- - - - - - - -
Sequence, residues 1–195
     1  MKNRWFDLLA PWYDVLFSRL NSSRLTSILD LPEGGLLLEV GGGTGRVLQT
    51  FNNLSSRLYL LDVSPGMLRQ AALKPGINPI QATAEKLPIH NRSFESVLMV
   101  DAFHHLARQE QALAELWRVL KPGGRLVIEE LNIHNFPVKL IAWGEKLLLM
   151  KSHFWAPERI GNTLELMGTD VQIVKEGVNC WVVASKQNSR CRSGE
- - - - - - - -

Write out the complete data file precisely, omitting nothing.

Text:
Sequence, residues 1–195
     1  MKNRWFDLLA PWYDVLFSRL NSSRLTSILD LPEGGLLLEV GGGTGRVLQT
    51  FNNLSSRLYL LDVSPGMLRQ AALKPGINPI QATAEKLPIH NRSFESVLMV
   101  DAFHHLARQE QALAELWRVL KPGGRLVIEE LNIHNFPVKL IAWGEKLLLM
   151  KSHFWAPERI GNTLELMGTD VQIVKEGVNC WVVASKQNSR CRSGE